Death Road, Bolivia

Death Road, Bolivia (5/4/2014)
Bolivia Death Road Camino a las Yungas
Bolivia's Death Road (Camino a las Yungas)
  The World's Most Dangerous Route Death Road Bolivia
The World's Most Dangerous Route!

Yes, with some encouragement from fellow travelers and my wife, Pat, I decided to put down my deposit and sign up to do Bolivia’s famous Death Road bike ride

After my adventure while doing research for this post, I learned the Death Road lives up to its name having claimed 200-300 lives every year until they closed it to bus and truck traffic in 2007 when the recent new road was completed. An average of 26 vehicles disappeared over the edge every year. With about 25,000 thrill seekers a year doing this bike ride, it still claims the lives of an average of 2 bike riders every year now. This is truly a death road.

Bolivia Death Road wayne dunlap bike Camino a las Yungas
Wayne on Bolivia's Death Road
After a couple of days to reflect with the adrenaline in my veins back to normal levels, I am better able share my feelings about this unique adventure. I LOVED IT! Somehow I did the Death Road bike ride staying up with our new Australian friends we are traveling with who were half my age. This surprised even me because I have not been on a bike for over 10 year and have little experience with mountain bike riding.

Crosses Remind You of the Danger Bolivia Death road Camino a las Yungas
Crosses Remind You of the Danger
The bike ride on the Camino a las Yungas road (better known as Bolivia’s Death Road) is a gorgeous, winding, 40-mile road leading from La Paz to Coroico. Because of its legendary extreme danger, in 1995 the Inter-American Development Bank christened it as the "world's most dangerous road". The road includes numerous cross markings on many of the spots where vehicles have fallen and people have died (see photo).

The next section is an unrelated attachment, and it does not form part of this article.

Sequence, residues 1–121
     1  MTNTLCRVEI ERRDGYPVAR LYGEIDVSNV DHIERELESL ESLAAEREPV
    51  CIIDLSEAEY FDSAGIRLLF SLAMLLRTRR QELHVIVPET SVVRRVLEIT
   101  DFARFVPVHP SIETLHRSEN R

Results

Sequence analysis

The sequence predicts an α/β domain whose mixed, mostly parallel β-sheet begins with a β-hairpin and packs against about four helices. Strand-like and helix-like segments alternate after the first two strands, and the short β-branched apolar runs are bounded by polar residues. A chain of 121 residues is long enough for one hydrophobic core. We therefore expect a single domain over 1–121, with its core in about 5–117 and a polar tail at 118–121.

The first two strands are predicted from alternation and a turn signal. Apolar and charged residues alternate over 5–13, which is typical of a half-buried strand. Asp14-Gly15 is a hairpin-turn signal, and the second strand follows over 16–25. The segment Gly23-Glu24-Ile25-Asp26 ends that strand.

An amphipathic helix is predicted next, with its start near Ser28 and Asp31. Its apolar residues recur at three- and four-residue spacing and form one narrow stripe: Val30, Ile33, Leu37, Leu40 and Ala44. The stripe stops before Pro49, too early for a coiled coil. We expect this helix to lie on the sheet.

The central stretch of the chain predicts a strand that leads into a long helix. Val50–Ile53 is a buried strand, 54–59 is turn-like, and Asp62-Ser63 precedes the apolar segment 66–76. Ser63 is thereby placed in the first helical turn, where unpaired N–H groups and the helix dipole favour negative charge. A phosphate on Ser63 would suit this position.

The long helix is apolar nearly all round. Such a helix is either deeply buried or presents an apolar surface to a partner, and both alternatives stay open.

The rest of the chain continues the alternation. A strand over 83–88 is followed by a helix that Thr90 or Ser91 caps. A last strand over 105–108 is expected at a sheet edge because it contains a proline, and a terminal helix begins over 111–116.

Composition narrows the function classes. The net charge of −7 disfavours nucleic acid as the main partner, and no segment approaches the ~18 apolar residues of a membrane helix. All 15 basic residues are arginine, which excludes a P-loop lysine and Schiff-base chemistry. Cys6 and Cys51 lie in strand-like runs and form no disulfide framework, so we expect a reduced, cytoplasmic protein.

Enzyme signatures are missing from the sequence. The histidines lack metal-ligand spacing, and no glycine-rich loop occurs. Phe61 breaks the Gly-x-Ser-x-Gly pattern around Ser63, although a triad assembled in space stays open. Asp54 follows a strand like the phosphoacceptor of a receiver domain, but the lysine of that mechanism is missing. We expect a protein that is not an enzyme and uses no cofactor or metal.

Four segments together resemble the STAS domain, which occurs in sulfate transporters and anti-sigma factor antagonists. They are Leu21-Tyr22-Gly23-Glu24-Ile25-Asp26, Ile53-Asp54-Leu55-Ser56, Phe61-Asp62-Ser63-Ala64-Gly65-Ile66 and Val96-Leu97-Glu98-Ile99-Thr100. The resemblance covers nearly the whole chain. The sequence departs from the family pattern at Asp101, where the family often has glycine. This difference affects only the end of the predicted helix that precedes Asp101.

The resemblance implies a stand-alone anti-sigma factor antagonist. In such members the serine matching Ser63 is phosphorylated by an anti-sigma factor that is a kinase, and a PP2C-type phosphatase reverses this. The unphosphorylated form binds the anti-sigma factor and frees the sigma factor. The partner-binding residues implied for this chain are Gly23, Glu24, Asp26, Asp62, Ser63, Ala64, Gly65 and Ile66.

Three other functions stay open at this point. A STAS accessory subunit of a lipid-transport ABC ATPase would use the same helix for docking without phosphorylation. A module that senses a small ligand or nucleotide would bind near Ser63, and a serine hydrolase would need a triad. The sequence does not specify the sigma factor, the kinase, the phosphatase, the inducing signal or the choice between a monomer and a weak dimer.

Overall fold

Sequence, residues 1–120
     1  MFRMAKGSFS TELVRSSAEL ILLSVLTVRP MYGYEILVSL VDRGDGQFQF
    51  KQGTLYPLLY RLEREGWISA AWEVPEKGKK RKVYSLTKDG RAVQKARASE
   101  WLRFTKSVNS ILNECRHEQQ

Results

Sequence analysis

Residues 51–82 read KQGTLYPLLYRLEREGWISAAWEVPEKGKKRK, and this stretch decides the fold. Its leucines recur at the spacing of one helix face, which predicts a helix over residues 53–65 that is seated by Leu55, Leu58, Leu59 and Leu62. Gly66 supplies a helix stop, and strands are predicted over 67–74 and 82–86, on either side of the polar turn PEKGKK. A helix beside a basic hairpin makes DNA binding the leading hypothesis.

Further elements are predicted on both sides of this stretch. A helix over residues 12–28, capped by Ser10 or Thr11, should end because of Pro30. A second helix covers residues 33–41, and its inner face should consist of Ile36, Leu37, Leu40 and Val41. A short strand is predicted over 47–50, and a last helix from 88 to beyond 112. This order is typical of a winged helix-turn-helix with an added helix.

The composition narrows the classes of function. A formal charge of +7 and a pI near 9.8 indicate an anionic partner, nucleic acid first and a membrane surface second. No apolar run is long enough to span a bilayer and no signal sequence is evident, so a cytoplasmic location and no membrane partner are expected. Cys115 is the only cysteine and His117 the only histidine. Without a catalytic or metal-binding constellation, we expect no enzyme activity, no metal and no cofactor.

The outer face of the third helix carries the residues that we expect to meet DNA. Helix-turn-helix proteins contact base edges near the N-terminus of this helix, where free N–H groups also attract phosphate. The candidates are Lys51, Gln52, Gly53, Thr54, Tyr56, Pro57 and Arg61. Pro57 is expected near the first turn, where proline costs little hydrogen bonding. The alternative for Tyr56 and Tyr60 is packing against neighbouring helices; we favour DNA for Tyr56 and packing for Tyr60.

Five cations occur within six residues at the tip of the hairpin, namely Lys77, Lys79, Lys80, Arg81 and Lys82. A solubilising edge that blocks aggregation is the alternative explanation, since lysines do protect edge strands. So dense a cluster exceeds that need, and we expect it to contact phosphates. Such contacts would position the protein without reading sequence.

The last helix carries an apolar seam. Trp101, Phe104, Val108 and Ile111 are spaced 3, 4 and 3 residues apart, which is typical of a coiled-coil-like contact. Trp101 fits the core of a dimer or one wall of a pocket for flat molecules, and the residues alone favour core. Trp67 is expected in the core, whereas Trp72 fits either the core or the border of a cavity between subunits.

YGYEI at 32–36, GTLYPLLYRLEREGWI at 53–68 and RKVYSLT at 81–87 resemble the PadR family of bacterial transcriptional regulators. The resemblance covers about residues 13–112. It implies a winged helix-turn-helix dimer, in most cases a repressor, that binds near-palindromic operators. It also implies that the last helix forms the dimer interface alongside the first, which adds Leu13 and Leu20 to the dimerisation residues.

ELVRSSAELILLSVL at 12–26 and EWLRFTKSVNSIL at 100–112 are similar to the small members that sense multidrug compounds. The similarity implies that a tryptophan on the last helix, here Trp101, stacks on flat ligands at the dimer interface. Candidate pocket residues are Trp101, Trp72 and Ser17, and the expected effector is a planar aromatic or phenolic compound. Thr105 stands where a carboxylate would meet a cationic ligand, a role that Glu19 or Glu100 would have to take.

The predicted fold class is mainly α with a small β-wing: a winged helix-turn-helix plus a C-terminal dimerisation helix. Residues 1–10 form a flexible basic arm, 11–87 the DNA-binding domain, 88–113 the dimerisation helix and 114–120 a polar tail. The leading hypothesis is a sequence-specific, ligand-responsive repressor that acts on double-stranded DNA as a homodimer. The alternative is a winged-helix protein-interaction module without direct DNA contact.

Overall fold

Camino a las Yungas bolivia death road
1,000 Foot Dropoffs
Like us, most people wisely choose to go with a professional tour company and there are many to choose from in La Paz. The good companies offer top quality mountain bikes with quality brakes and suspension. Because much the ride is on a gravel dirt road with 1000+ feet drop offs with no guardrails, this is very important and you should check out the quality of bikes offered very closely.

Safety, not price, should be your major concern when choosing a company to go with on the Death Road ride.


Riding with Our New Australian Friends bolivia Death road Camino a las Yungas
Riding with Our New Australian Friends
The trip starts early in the morning in La Paz where you take a 45-minute ride in a van to the summit at 15,260 feet. There you put on arm and leg guards, gloves, helmet, and jacket and pants they provide. Thoroughly checking your bike is a wise idea before taking off. 90% of the Death Road ride is downhill ending at an attitude of about 3,900 feet.

Gravel Road Death Road Bolivia
Gravel Road - Death Road, Bolivia
The first third is paved and riders literally fly down the ride achieving great speeds or braking to the speed they were confortable with. The rest of the Death Road ride was on the narrow gravel road offering many types of riding experiences. People in our group (50/50% men/women) came down at various speeds. 

Riding Through the Waterfall Death Road Bolivia
Riding Through the Waterfall - Death Road, Bolivia
The most daredevil among us followed the guide at high speed while others used the brakes more and came down at the speed they were comfortable with. With the frequent stops, the group met up giving the late arrivals sufficient time to rest before starting again. There is a small waterfall you ride under that provides a refreshing shower (see photo).

Our Crazy Group bolivia death road
Our Crazy Group
During my experience on Bolivia’s Death Road, I found myself getting increased confidence as I went along and started staying up with the fastest among our group. Then I would pass one of the many crosses put up indicating that someone died at this stop. It sobered me a bit to back down the speed and be more cautious – a very wise decision.

Would You Fool Around on the Death Road bolivia
Would You Fool Around on the Death Road?